This is a time of year when we elect leaders who will represent us and our views and our needs when they take their positions in our local, state, and federal government. But more and more, we are seeing efforts to eliminate any possibility of electing leaders who actually reflect the views and perspectives of all of those they represent. State legislatures ride roughshod over minority parties (usually Democrats) in their states to ensure electoral maps that will gerrymander them into secure power and majorities at least until the next census. There have even been threats to impeach those justices who sit on state Supreme Courts who do not support and uphold these practices by state legislatures. Laws become meaningless when there is nothing to back them up. In many states, the entire state legal system seems to be beholding to the gerrymandered state government. This is not the system of government that I was taught in my high school civics class so many years ago.
Writing in her Letters from an American column on April 18, 2022, historian Heather Cox Richardson stated, “Democracy is a moral position. Defending the right of human beings to control their own lives is a moral position. Treating everyone equally before the law is a moral position. Insisting that everyone has a right to have a say in their government is a moral position. This moral position is hardly some newfangled radicalism. It is profoundly conservative. It is the fundamental principle on which our country has been based for almost 250 years.” Based on what I see happening today, I am wondering if we are losing our Democracy and in doing so, losing our moral core.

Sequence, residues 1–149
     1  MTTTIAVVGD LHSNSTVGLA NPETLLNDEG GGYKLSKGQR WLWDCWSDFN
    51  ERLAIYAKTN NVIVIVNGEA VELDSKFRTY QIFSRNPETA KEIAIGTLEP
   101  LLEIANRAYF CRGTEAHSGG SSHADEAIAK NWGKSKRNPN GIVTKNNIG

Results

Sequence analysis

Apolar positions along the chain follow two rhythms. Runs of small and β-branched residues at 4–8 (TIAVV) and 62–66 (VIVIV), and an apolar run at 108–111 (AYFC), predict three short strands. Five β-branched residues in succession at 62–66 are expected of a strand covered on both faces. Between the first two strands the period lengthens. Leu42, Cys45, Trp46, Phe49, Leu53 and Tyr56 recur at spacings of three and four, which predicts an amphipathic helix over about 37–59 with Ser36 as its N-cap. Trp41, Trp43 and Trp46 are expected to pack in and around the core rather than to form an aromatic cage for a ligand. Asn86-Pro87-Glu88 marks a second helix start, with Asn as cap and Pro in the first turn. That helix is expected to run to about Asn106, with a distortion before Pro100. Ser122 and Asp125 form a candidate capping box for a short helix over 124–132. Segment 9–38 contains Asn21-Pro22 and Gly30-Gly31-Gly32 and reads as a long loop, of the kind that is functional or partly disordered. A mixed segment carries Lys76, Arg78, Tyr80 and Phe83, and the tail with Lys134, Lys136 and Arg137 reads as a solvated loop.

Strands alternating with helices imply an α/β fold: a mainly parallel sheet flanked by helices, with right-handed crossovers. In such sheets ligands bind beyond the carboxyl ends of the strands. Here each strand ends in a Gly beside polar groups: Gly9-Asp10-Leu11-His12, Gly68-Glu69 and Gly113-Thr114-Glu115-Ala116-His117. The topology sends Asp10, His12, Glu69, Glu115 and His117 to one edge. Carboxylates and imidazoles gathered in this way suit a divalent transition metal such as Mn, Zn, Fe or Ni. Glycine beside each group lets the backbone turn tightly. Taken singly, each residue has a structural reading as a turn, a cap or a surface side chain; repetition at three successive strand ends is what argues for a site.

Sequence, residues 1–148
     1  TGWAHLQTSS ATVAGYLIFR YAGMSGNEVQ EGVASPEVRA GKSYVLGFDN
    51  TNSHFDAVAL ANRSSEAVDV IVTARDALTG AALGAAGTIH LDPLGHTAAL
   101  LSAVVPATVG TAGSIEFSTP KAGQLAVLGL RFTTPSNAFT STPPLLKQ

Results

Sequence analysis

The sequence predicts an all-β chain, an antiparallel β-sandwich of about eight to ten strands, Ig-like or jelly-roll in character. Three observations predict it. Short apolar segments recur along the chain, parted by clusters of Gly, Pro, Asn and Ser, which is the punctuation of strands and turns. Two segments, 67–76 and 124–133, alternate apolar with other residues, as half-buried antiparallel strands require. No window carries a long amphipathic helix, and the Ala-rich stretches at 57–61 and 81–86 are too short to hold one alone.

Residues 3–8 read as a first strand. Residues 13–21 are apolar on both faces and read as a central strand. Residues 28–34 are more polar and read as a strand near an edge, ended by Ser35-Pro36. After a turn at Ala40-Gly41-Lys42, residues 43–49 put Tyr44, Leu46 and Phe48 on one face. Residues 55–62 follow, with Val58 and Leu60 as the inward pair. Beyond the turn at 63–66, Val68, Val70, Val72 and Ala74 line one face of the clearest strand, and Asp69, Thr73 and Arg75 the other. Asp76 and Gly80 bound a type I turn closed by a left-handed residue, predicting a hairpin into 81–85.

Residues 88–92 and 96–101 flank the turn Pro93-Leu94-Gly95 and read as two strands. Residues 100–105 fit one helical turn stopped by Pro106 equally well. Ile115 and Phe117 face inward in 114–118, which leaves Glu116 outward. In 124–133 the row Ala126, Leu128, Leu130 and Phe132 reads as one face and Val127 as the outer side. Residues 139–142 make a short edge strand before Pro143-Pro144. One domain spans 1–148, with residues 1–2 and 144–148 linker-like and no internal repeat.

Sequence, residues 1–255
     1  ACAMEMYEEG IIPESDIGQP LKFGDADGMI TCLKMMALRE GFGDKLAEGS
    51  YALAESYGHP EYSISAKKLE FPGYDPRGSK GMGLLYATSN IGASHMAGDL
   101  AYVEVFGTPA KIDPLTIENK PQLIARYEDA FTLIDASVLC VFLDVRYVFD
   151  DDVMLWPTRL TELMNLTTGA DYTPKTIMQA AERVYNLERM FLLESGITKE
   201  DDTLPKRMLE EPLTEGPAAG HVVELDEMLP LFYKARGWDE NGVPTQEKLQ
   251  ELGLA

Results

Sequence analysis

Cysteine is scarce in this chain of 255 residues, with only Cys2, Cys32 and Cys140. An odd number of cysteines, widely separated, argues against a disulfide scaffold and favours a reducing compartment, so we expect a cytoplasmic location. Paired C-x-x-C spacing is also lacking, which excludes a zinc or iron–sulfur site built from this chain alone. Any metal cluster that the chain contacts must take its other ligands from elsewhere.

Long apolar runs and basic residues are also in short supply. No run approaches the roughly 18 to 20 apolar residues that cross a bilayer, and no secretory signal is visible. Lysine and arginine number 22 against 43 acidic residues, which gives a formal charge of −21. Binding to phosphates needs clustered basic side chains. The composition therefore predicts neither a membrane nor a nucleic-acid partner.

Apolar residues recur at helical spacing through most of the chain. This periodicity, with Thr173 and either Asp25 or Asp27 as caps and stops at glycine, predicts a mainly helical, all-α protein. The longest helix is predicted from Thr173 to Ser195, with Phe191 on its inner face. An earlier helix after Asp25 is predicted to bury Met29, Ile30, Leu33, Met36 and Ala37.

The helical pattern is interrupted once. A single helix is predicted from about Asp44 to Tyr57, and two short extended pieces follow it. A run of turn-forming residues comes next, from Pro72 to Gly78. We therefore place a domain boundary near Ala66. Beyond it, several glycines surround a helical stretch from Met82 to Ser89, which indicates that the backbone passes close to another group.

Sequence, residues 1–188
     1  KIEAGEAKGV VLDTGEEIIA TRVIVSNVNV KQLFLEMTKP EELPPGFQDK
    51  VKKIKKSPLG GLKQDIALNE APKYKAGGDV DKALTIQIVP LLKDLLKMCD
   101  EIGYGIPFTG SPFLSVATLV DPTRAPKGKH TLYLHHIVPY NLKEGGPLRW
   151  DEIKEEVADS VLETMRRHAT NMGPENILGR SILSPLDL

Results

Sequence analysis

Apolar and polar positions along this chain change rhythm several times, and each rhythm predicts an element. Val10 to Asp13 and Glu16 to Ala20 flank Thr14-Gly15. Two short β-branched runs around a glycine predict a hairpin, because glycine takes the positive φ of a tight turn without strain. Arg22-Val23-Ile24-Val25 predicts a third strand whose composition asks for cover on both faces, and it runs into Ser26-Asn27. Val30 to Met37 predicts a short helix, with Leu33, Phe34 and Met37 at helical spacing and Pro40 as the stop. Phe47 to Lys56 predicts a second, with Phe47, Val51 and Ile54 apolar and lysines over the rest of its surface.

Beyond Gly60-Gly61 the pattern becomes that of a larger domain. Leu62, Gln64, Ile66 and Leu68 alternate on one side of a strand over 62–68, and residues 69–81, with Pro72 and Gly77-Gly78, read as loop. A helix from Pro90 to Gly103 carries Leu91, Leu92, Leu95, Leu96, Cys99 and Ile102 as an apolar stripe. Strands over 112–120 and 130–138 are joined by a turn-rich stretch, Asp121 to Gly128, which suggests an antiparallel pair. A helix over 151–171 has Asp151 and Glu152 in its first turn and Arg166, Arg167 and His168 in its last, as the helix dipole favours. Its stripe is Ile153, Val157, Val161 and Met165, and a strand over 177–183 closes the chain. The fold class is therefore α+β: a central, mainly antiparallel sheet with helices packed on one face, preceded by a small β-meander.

Rallying people to ignore the reality of their history so that they can continue to oppress others who do not look like them, or do not practice the same religion as they do or speak different languages than they do does not fit that moral, conservative definition of democracy. But it could, for me, fit a definition of autocracy. And that is a frightening thought.